1000 Times Good Night: interview with Zoriah

On the occasion of the release in french cinemas of the movie, we could ask some questions to the photojournalist Zoriah. He was the coach of the actress Juliette Binoche during the shooting. You could find more informations about him on his website www.zoriah.com and his blog www.zoriah.net.


Cyril: What do you think about Erik Poppe movie? What were your first impressions when you discovered it?

Zoriah: The first time I saw the film it was very different than I had expected. I had made the movie already in my own mind without even knowing it, so seeing the real thing felt very strange to me at first. The more I see it though the more I appreciate and enjoy the film. I think we all had a lot of passion for this film and you can see that when you watch it.

Cyril: Can you explain us how did you work with Juliette Binoche and what kind of advices you gave her?

Zoriah: I started off with a number of phone conversations with Juliette before she began the film. She was very interested to know about my personal life and how the work affected me. Before we began filming we met in Morocco and went out shooting in the streets, so that she could have a bit of a taste of what it is like to photograph real people in a real environment. Then I was on set each day in Morocco to answer questions and show her how I might approach a certain type of subject matter (for instance the suicide bombing.)

Cyril: What do you think about the treatment of the characters in the movie?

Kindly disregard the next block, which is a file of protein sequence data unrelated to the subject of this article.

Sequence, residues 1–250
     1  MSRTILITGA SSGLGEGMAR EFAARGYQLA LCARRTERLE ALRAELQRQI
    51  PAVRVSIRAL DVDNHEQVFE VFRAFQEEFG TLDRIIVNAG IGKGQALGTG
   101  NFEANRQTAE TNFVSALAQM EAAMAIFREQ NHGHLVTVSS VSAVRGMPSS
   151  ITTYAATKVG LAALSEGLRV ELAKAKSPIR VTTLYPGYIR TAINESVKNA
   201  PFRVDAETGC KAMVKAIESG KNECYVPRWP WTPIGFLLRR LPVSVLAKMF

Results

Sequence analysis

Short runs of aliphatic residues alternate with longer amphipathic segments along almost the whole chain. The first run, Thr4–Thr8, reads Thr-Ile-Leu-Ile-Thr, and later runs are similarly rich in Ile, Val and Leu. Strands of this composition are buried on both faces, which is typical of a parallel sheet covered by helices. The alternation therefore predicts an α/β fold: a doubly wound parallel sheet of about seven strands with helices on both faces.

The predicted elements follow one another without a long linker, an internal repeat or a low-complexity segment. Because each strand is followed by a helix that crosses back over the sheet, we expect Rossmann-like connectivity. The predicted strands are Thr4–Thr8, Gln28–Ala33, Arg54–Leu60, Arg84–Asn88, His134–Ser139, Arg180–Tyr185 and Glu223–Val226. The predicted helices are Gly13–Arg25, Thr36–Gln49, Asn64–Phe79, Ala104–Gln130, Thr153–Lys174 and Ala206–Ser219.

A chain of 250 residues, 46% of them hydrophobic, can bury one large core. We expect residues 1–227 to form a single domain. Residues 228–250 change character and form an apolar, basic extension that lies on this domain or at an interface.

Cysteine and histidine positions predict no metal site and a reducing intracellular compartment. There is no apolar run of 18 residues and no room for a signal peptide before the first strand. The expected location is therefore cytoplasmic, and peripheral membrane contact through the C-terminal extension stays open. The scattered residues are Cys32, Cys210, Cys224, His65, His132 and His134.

Zoriah: I think the story was a realistic look at how the life of a war photographer might look. I think each of us is different and our lives and partners are different as well, so there is not really “one” way that a war photographer lives. I believe the film captured the passion and pain that goes into the work, which I believe is fairly universal.

Cyril:  What is your opinion about this woman who takes the decision to do this job?

Zoriah: I think this is a selfish job, no matter if it is a man or a woman who takes it. We struggle so hard to tell the stories of strangers that we often don’t take care of those who love us the most. Again, this is a generalization but I think it is very hard to have a personal life with this job (or at least what most people think of as a personal life.)

Cyril: You travel a lot because of your job, what is the best and the worst memories?

Zoriah: I have been to more than a hundred countries now, many of which I have been to ten or more times. Because of this a lot of my memories to blend together into a bit of a confusing mush. That being said, I do have wonderful memories of kind moments between people. You see a lot of beauty and compassion and that is always inspiring. Of course I also have lovely memories of personal moments where I had new realizations, new accomplishments or even just a breathtaking view.

As far as worst memories go, I suppose there are a lot of those as well. Of course I have a lot of memories of people suffering and dying. Even harder to think about than that are the people who I know are still suffering and probably will continue to for many decades. Most people in this world have really difficult lives. It is hard enough to be human, to love, to loose, to get sick etc…but then you stack poverty and war on top, it is really quite sad.

Cyril: As a photojournalist how do you manage your job and your private life?

Zoriah: I guess we all find ways of doing it. I have lost a lot of friends over the years, not because we don’t like each other but just because I am gone all the time. I do my best to keep in touch and see people when I end up wherever it is that they are living. As I get older though my friends get families and children and it becomes harder to relate. But I am fortunate to have a lot of support and a lot of wonderful people who have always stood by me and more than anything I am thankful for them.

We thanks Zoriah for his availability during its business travel in India.